Saturday, March 29, 2014

Allow Students an Opportunity to Tinker

Allow Students an Opportunity to Tinker

"I never teach my pupils; I only attempt to
provide conditions in which they can learn."
                              - Albert Einstein-

Today is a pre-fab world. A world where it is no longer necessary to put things together yourself. From computers to toys and even chocolate cookies, we could "make" them ourselves and not even need to be able to decipher directions.

Have you put together a desktop computer recently? Unless you are colorblind or failed at putting the shapes into the correct slot when you were two, it is almost impossible to fail at putting the computer together. If a toy does not already come assembled, the most difficult part of putting it together, is deconstructing the packaging without damaging the toy.  Even Toll House cookies come in pre-fab slabs scored into cubes for the perfect size cookie.

Do most kids today understand the satisfaction of making something from scratch?  Building a model of the Apollo rocket from two hundred pieces, including the lunar lander, and sixty authentic decals.  Paint optional.  Even with gaps between the rocket panels, wispy strings of model glue and creases in the decal strips, displaying it lovingly on the shelf for all to see.

Most kids today are not very often given the chance to be creators.  They are manipulators of a touch screen world.  They can format a movie from a plug and play system on the computer.   They can put together a playlist from iTunes and add music to their PowerPoint. But, how often are they asked to actually create something from scratch?  How often do we as teachers create a rubric so detailed that it is impossible for students to make a mistake?

Heck, the last time I was at Michael’s, There was an aisle completely dedicated to pre-fab California Mission projects with everything necessary to create the perfect styrofoam mission complete with friars, indians, animals, trees, bushes, brick walls, animals and crops all pre-packaged for ultimate success.

I have found that most students are very uncomfortable with creating anything that does not turn out perfect and will avoid trying to create anything that they are not certain will meet all expectations.  Teachers also create rubrics that are so detailed it is impossible for a student to make a mistake.

But, how valuable are those experiences,when students are allowed to struggle through a process and try to figure out what works and what doesn’t?  How valuable is that experience that allows our students to make the mistakes that provide opportunities to learn?

One of my favorite in-class projects is to build Lou-vee Air Cars. 

Lou-vee Air Cars are composed of file folders, drinking straws, paper clips, rubber bands, and masking tape.
They provide an opportunity for students to discover their capacity to create a car that moves utilizing everyday objects.   I provide students with a set of directions and a schmatic diagram. I provide all of the supplies and tools necessary and I give them three blocks (95 minute periods) to create their car. And then on day four we have Lou-vee Air Races.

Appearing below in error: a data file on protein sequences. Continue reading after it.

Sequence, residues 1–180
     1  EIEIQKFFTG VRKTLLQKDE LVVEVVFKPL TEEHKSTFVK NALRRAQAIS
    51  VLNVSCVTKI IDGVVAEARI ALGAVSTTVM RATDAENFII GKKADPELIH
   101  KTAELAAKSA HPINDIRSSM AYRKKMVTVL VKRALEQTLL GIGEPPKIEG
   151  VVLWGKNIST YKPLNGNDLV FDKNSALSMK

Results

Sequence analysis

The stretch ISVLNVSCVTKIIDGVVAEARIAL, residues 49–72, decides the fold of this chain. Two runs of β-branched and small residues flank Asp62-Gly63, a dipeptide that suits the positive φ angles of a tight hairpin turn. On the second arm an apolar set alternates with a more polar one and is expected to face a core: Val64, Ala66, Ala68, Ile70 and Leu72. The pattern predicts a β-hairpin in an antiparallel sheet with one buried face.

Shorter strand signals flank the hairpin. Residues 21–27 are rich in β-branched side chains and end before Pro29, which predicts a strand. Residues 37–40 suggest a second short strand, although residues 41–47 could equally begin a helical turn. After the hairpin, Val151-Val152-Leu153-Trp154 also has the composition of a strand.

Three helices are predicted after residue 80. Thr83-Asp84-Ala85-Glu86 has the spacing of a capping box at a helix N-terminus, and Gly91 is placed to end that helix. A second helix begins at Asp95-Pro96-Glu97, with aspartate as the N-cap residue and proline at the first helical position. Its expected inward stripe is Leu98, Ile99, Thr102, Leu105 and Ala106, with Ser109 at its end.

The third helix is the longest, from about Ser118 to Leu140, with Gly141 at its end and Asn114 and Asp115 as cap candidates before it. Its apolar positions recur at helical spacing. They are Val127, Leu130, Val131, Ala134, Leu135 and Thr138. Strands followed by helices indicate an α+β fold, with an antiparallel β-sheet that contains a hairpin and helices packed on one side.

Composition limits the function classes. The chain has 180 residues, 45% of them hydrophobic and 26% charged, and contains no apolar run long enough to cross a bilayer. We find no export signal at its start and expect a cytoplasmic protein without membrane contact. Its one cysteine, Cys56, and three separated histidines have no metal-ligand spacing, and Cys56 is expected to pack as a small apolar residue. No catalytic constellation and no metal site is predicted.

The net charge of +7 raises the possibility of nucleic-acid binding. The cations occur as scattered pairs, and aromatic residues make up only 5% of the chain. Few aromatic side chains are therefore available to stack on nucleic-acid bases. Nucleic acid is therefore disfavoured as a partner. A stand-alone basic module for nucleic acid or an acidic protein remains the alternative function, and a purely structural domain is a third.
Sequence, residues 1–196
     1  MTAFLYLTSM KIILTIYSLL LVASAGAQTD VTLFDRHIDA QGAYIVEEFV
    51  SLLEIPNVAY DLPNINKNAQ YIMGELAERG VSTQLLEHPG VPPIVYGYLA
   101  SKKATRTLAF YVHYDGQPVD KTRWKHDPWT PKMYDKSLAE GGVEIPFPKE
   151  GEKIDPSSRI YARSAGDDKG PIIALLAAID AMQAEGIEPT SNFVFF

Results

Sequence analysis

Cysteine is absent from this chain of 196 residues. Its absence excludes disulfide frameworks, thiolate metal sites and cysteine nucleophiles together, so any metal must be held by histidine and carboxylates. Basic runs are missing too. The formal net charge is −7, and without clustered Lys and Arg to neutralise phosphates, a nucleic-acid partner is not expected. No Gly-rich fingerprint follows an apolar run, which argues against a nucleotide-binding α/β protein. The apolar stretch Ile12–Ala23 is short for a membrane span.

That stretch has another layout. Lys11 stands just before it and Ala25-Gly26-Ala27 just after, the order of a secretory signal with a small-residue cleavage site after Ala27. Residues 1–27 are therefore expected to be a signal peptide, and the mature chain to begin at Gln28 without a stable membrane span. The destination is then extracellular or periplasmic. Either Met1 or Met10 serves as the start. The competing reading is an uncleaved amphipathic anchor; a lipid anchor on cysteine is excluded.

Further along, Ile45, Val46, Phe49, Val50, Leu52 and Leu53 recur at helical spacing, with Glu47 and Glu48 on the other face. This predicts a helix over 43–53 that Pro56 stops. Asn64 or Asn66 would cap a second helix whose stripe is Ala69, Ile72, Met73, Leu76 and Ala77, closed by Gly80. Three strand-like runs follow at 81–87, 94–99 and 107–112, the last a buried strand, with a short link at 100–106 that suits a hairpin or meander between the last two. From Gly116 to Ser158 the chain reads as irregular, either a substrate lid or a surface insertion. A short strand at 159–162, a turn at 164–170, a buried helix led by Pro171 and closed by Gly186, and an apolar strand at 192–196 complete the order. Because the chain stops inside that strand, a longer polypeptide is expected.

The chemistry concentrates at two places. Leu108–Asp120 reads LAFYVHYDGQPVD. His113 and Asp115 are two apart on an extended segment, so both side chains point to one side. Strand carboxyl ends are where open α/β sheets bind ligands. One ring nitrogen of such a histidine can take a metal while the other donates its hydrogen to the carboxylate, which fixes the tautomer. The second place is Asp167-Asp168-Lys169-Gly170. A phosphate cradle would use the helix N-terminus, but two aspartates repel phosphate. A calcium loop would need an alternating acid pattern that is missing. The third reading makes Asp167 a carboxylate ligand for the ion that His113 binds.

The first day I allow the students to work through the process and I provide very little guidance. On the second day, I build my own Lou-vee Air Car.  First to show them that it can work, and second to give them a model as a guide. The third day I offer suggestions and do some troubleshooting.

It is interesting to watch the dynamics that take place in the classroom as students interact with the process and each other.  Even though each student needs to create their own car, it does become a very collaborative process.  In some cases there is a natural division of labor that occurs. Those that are good at straightening paper clips take on that role for others.  Those who cut well start manufacturing wheels that are smooth and rond. It is wonderful to see the fear dissipate as students assist each other and try to help each other succeed.

The Louvee Air Car Challenge
Making a Louvee Air Car

The project is graded in two parts.
Part I, is to produce a Lou-vee Air Car
We set up a Lou-vee Air raceway in the dining hall divided into five foot sections. A fully built car at the starting line earns a student a 14 point score. (14/20 = a C grade) A car can earn two points for every portion of five feet it travels. ( 7 ft = 4 points)  Students can earn up to 24 points if they can get their car to travel more than 20 feet. (4 bonus points) 

Part II, is a write up that includes a series of questions about the process. 
What did they learn about themself?  What were they most proud of? What would they do different?
What worked? What didn't?  etc...
The write up also includes a section for students to explain three topics in physics that are demonstrated through the Lou-vee Air Car.  I typically do this project the first three class periods after the Christmas Holiday break.  This allows students to review the concepts of motion, Newton's Laws and Friction covered before the break.

I am always pleased to hear from students that they appreciate the project even though their car may not have worked as well as they had hoped.  They are usually most proud that they were able to get a car to the starting line.  They often mention a greater appreciation for following directions and reading carefully.  But. most often they write about how the process helped them to see the value in making mistakes and correcting them, thinking through  a process and using knowledge to create their own success. 

It is so important in a world that becomes less and less demanding of our students to afford them the opportunity to figure things out by trial and error to provide those opportunities in a manner that allows students the ability to make mistakes and find solutions in a safe environment.  

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